This blog was written by Nate Dorfman, Program Coordinator at Pennsylvania Environmental Council, and it originally appeared on the Pennsylvania Environmental Blog in November.
Like many Philadelphians, I’m used to thinking of Cheltenham Township, Montgomery County and Southwest Philadelphia’s Cobbs Creek neighborhood as two entirely different places. Cobbs Creek is in the city, while Cheltenham is suburban. Cobbs Creek’s population is largely low-income, while Cheltenham residents are relatively affluent.
As a kid growing up on the city side of the Northeast Philadelphia/Montgomery County line, I felt that distinction intuitively. Cheltenham was a familiar setting where I felt at home — playing on its playgrounds, exploring its dirt footpaths, and even attending pre-school. Years later, as an adult, Cheltenham’s restaurants are still among my family’s favorite dining spots. Cobbs Creek, meanwhile, was completely foreign to me: though I had never actually visited the neighborhood before work brought me there, I perceived it as a place where I would feel unsafe.
Photo courtesy of PEC
Despite the very real differences between these communities, it was their similarities that struck me the most.
All of that changed last month, when I was tasked with leading a pair of public meetings on PEC’s behalf in Cobbs Creek and Cheltenham. The gatherings, held just two days apart, were meant to empower and mobilize two seemingly disparate populations toward similar goals. Yet despite the very real differences between these communities, it was their similarities that struck me the most.
Collaborating with the Tookany/Tacony-Frankford (TTF) Watershed Partnership, PEC invited Cheltenham residents to a community discussion regarding the Tookany Creek Trail corridor, spanning 3.4 miles between Cheltenham Avenue and High School Road. Once complete, this multi-use trail will be a corridor for transportation, providing township residents with access to schools, business districts, and public transit stations. It will also be an asset for recreation, linking residential neighborhoods with existing parks, the larger Circuit Trails network, and most of all, with the Tookany Creek itself. This meeting served as the public kickoff for a trail feasibility study update conducted by Campbell Thomas & Co. Architects and funded through a $60,000 Regional Trails Fund grant that PEC received from the Delaware Valley Regional Planning Commission.
On the day of the meeting, a rainy evening in mid-October, Cheltanham residents of all ages flocked to the Elkins Park Middle School cafeteria. Despite the dreary weather, attendees were excited to be there and eager to share their trail-related dreams, visions and concerns. Many expressed a wish for the Tookany Creek Trail to be a safe corridor for youth traveling to and from school. Others emphasized the need to accommodate walkers, runners and cyclists alike. Whatever their perspective, residents were enthusiastic about the possibility of a multi-use trail in Cheltenham Township and hoped that it could also link to other trail corridors, such as the Pennypack and Wissahickon.
I wasn’t sure what to expect, but I arrived that evening to a full house — nearly every seat was filled.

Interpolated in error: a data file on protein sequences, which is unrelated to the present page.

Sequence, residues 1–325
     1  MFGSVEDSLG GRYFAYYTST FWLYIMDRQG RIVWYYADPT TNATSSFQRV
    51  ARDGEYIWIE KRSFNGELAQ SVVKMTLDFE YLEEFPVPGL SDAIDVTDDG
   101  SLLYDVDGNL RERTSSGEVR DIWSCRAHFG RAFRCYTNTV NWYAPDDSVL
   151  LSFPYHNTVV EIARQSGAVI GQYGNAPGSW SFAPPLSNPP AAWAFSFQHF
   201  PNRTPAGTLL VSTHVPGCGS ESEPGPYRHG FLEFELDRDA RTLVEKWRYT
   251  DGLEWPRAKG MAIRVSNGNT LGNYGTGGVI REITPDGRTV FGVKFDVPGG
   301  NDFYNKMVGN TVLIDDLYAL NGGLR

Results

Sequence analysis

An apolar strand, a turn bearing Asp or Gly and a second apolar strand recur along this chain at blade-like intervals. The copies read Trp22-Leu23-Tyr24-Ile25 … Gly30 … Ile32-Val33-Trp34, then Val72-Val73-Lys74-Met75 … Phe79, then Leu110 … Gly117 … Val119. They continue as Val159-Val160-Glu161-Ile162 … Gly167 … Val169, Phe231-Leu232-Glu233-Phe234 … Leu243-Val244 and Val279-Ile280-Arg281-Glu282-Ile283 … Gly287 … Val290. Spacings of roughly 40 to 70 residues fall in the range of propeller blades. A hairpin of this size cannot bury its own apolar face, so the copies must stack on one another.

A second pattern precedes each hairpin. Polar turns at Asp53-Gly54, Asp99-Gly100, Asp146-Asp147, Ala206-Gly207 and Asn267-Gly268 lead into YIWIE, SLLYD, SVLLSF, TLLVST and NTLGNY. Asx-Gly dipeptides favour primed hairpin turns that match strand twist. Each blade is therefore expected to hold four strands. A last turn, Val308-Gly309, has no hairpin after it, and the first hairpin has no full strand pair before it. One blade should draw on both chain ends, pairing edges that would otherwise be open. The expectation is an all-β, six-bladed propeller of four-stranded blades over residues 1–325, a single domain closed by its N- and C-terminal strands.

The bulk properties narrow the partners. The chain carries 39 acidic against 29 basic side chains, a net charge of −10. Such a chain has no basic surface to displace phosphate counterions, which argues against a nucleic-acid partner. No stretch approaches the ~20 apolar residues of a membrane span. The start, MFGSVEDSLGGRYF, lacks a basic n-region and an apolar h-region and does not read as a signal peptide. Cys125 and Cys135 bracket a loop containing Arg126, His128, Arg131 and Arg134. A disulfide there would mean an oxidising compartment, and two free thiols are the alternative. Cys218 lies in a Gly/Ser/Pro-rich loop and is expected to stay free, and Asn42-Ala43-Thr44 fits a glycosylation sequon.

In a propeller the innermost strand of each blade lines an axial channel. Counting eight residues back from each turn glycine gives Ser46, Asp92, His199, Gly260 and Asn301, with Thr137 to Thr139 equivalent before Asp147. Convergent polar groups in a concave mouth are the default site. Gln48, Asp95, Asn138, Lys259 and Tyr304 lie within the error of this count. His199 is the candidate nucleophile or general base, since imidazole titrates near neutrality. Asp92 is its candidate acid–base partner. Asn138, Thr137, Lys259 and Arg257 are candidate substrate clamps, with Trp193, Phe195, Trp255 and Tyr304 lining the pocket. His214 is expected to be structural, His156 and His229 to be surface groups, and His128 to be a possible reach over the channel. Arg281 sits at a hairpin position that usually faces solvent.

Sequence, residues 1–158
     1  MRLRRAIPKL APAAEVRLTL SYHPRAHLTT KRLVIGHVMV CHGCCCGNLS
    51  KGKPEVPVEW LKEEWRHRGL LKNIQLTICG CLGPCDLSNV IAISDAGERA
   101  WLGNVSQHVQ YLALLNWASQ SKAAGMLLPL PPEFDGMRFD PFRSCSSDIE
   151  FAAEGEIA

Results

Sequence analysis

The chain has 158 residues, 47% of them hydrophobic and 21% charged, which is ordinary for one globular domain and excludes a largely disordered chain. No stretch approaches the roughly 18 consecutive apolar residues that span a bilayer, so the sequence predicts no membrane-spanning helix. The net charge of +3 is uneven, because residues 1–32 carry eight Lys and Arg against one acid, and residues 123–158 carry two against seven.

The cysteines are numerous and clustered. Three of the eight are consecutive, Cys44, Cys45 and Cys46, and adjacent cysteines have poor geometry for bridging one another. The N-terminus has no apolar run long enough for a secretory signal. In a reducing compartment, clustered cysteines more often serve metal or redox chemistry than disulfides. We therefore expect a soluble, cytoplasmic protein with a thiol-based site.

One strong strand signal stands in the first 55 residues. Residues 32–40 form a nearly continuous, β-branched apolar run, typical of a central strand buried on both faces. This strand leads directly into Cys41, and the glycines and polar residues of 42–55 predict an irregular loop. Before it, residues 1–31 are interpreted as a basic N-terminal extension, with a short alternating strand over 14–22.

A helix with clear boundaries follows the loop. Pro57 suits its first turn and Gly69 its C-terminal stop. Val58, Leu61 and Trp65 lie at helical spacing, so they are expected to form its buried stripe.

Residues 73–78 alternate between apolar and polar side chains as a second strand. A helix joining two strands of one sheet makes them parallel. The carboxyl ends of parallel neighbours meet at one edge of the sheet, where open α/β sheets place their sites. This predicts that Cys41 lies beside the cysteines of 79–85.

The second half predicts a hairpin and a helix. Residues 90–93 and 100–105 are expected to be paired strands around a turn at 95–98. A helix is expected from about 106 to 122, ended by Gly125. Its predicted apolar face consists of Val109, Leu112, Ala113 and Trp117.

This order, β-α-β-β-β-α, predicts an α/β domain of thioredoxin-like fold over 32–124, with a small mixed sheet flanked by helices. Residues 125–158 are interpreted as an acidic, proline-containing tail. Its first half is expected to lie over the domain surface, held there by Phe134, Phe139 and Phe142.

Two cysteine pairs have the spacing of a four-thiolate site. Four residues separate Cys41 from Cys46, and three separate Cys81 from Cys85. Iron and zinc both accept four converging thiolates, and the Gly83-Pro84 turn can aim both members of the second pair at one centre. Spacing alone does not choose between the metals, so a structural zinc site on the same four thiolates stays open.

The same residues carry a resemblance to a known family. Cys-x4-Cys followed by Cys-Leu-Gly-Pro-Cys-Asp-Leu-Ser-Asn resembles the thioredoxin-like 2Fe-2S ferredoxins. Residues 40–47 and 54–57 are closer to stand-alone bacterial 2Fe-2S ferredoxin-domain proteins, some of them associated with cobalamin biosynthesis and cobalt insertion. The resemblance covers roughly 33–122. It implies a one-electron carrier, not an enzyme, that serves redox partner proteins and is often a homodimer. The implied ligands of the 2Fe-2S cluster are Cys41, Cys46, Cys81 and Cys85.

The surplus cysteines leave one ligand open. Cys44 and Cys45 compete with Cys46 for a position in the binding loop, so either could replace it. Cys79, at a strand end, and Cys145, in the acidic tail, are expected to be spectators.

Two nights later, and thankfully in better weather conditions, I journeyed to Southwest Philadelphia, ready to gather community input on a new half-mile segment of the Cobbs Creek Trail. PEC led this discussion with multiple City of Philadelphia departments, the Clean Air Council, and the City-owned Cobbs Creek Community Environmental Center, which generously provided meeting space for the event.
I wasn’t sure what to expect, but I arrived that evening to a full house — nearly every seat was filled! Community residents, diverse in age and ethnicity, shared their hopes, worries and aspirations about the trail segment soon to be built. Some attendees pointed to a pattern of trash dumping along existing trails in Cobbs Creek and voiced concern that the new segment might be similarly neglected. Others talked about their interest in culturally relevant trail signage and the need for enhanced lighting in some locations. One resident-suggested idea, which particularly inspired me, involved designing an “adopt-a-trail” program, in which community organizations and neighborhood groups would volunteer to maintain a portion of the trail corridor.
Hearing residents describe the Cobbs Creek Trail as their community’s own “recreation row” brought me joy!
The most exciting part of the Cobbs Creek meeting for me was seeing residents take proud ownership of neighborhood trail development. When I asked attendees to mention trails they enjoy in Philadelphia, the Schuylkill River Trail along Kelly Drive initially rose to the top of the list. Yet without prompting, residents went on to note that Cobbs Creek has amenities that Kelly Drive does not: a playground, an environmental center and a skating rink, to name a few. Hearing Southwest Philadelphia residents describe the Cobbs Creek Trail as their community’s own “recreation row” brought me joy!
Photo by Robert P. Thomas
Looking back on these events, I am glad to be working in both communities and helping to amplify their voices in the trail development process. Most of all, I realize that with their dedicated residents, who care about accessible trails, scenic waterways and beautiful open space, Cheltenham Township and Cobbs Creek are more similar than I could have ever before imagined.